Joseph T. Bullock came from Rehoboth, Mass., in 183T, and settled on S. 36, T. 32, R. 1; he married Catharine Galloway, and with his brother, Leonard, engaged largely in farming and stock-raising; since his brother’s death he has continued the same on a large scale. He has two children: Ransom, married Ada Ellsworth, and lives near Tonica; Susan, married Henry Foss, now in Colorado.
Asa Holdridge, from New York in June, 1833, and settled on S. 25, T. 32, R. 1, near Bailey's Point; he married Polly Warren; was a successful farmer, and died in 1866, leaving five children: Lafayette, married Hannah Simmons, and lives in Livingston County; W. H. H., married Mary Swift, live in Eden; Volney, married Lizzie Simmons, and lives in Ancona; Clarinda, married D. Willey; Arminda, married Capt. L. Howe, and lived near Tonica.
Nathaniel Eddy, from Virginia, in 1833, bought a claim of John Slater, west of Bailey's Point; he kept a store. Eddy, Holdridge and Bailey built a sawmill on Bailey's creek near its mouth; Eddy moved West.
William Groom, and wife. Miss Burhans, from Albany County, N.Y., came with Alvord's company in 1833; was a farmer, and Methodist preacher; he died in 1852. His children were: Delia, married a Mr. Wells; Betsey, married John Harkins; Alida, married Austin B. Carleton, of Vermillion; Peter, married Miss Martin, now in Nebraska; Abram married L. T. Naramoor; Joseph, married Eunice Harrington, in California; William, married Miss Thomas, in Tonica.
Ira S. Moshier, from Saratoga County, N. Y., came in 1834, and settled on S. 12, T. 30, R. 1; a farmer, Methodist preacher, and lawyer. He died in 1874, leaving nine children: Edgar W., at Sandwich; Henry C, married Elizabeth Baker, and lives at Gilman; George, married Delana Schermerhorn, and lives at Gilman; Charles W., married Celia Wilson, of Sandwich; Maria A., married Thomas Foster; M. Charlotte, married Hugh Miller; Sheridan L.; Margaret, married Onslow Barrass, of Tonica; Clara J., married A. G. Gray.
Amos A. Newton, and wife, L. P. Bunnell, from Lexington, Green County, N. Y., in the spring of 1836, and settled on Section 26, where he lived until his death in 1844, aged 66; his widow still survives, at the age of 90 years. He had nine children: A. Judson, died in 1842, aged 23; Barnum, is in Guthrie County, Iowa; Wallace, is also in Iowa; Esther L., married Moody Little — her second husband is Andrew J. West, of Tonica; Charlotte, married Henry Kingsley, from Connecticut — she is deceased; Harriet L., married Henry Kingsley— his second wife; Eunice, married Joel B. Miller; Abi, married Angus McMillan.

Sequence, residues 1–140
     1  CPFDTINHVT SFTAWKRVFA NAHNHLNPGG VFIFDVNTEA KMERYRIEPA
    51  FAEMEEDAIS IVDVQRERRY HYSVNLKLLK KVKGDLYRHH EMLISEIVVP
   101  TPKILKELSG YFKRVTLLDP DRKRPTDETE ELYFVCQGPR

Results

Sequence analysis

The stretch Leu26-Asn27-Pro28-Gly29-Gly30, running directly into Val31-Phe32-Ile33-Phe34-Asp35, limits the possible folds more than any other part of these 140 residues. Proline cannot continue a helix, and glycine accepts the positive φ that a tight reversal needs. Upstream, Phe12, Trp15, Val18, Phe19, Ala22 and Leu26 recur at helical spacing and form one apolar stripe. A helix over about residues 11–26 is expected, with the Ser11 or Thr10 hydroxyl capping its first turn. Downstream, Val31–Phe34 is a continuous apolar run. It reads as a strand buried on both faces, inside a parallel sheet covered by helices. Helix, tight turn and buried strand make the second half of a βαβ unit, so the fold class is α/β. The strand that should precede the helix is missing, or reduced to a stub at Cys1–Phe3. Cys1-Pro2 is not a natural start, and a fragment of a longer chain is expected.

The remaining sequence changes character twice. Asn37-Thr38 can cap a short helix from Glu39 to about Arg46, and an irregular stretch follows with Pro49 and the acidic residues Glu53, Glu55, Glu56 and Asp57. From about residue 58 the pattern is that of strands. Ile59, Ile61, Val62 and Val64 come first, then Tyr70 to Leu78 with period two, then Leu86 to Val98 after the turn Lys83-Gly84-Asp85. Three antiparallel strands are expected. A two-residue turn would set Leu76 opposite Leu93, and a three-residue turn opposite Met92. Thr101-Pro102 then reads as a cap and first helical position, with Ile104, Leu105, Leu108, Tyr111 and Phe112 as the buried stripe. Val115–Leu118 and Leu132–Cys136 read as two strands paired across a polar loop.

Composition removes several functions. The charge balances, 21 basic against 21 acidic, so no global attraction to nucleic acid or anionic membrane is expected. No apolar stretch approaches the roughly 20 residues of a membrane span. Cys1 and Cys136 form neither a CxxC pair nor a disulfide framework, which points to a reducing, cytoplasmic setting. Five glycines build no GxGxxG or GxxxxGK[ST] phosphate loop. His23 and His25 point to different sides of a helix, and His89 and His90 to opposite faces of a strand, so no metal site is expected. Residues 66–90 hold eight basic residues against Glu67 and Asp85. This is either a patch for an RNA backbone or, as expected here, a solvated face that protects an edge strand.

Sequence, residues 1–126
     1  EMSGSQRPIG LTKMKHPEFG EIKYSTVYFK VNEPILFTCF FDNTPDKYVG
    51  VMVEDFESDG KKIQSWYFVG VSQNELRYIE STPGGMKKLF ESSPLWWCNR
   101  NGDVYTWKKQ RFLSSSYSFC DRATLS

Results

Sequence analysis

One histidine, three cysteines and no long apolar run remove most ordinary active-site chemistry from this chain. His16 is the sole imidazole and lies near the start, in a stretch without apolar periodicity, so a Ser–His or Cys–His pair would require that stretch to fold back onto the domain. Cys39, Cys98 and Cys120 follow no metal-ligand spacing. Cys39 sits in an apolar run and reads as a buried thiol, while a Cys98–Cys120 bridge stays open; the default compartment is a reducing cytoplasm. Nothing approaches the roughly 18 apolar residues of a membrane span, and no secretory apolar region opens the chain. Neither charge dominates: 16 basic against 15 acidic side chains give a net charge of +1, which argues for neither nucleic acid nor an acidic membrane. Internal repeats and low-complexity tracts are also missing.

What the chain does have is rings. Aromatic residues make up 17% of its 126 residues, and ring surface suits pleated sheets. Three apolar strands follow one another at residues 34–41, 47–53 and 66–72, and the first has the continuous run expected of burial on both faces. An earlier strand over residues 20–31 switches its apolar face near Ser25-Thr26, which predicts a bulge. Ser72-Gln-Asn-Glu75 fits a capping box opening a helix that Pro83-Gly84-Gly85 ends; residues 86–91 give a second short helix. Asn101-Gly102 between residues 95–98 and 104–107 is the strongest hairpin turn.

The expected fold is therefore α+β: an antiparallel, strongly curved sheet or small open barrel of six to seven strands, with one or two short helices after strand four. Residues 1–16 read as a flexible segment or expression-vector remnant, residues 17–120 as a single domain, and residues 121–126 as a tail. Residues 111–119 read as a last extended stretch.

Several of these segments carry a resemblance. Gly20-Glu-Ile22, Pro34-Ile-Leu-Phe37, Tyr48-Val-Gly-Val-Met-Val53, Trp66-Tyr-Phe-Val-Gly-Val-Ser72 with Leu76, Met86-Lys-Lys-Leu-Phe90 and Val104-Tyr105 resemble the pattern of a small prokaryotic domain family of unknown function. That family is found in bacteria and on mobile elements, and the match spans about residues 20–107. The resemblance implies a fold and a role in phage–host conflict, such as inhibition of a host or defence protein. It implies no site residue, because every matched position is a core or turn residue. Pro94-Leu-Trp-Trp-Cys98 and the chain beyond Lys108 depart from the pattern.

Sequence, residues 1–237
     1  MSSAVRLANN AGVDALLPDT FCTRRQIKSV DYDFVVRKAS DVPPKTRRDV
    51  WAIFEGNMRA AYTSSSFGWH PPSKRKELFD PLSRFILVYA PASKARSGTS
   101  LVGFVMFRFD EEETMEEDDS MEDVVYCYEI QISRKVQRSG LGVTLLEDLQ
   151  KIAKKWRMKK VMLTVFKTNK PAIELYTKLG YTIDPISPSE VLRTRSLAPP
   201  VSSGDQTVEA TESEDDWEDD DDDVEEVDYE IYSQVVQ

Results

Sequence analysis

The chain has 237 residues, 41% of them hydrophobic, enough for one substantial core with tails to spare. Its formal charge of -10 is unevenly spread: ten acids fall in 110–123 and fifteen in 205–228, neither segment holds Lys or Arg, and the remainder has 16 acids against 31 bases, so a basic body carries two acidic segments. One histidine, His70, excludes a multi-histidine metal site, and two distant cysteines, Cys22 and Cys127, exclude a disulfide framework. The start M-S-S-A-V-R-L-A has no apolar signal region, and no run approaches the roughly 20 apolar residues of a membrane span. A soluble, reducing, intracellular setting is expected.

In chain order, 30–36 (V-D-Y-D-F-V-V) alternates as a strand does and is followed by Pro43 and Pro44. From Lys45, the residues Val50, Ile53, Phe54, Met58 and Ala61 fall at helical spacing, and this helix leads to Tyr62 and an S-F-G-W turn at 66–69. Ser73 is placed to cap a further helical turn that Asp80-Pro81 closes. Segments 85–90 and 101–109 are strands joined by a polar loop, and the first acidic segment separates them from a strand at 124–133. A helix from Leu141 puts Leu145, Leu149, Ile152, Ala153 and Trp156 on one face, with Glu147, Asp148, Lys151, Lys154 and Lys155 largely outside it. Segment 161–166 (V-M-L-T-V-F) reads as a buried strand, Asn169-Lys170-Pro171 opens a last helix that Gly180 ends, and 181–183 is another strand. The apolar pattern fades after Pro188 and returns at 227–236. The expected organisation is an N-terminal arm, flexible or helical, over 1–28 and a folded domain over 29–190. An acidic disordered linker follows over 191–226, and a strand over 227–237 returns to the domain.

Geo. M. Newton, son of Amos A., and from the same place, came to Bailey’s Point in 1835. He moved his wife, Fanny Loomis, and family in 1836; and settled on Section 25. Mr. Newton has been Postmaster, Justice of the Peace and Supervisor. His wife died in 1863. He is now living with his second wife, the widow Sarah Maffis.
Joel B. Miller, came from Greene County, N. Y., in 1837. He married Eunice Newton; he died in 1862; his widow died in 1875. Has three children: Horace, lives at Minonk; a daughter married a Mr. Swift; another married George Beardsley.
Angus McMillan, from Pennsylvania, came in 1838. He married Abi Newton, and lived here five or six years, and then removed to Grundy County. His wife died, and he went to Iowa.
James Little, and, wife, Polly Cook, came from New Hampshire, in 1839, and bought the farm of Nathaniel Eddy on S. 24. He died in 1842, and left four children: Daniel, married Mary Jones, and removed to Geneseo; Lucy, married Isaac Gage, of Brooklield; Moody, married Esther Newton, lived at Tonica, and died in 1848; John, married Frank Bassford, now in Southern Illinois.
Harvey McFerson, from Brown County, Ohio, came to Putnam County, in 1840, and to Eden on S. 22, in 18o6». His present wife is Martha King — have six children.
Willis Moffat, and wife, Olive Simmon, from Greene County, New York, in 1835, and settled on the west side of Bailey's Grove, and is now living in Tonica. His first wife died and left two children: Walter S., married Elizabeth Defenbaugh; Sarah E., married James B. Flulin, both are living in Livingston County. Mr. Moffit's second wife is Louisa Harwood, the widow Jenkins, when she married him; she has one daughter, Mary L., at home.
Rev. Reuben H. Moffat, brother of Willis, came from the same place in 1834 — a Methodist preacher. His wife was Catherine C. Yale. He died in 1863, aged 66. His children are: Reuben, married Miss Defenbaugh — he died in the army; Sarah, married the Rev. Mr. Young, a Methodist preacher.
Sanford Harwood, from Saratoga County, New York, came in 1837; married Keziah Dryer, and moved to Iowa.
Heman Harwood, brother of Sanford, from the same place; married Melissa Ide, and settled on S. 1. Died in 1857, in Deer Park. His widow married a Mr. Lathrop, and moved to Iowa. He had three children: Sarah, married, and is living in Iowa; Charles was killed by the accidental discharge of a gun; the younger daughter is with her mother.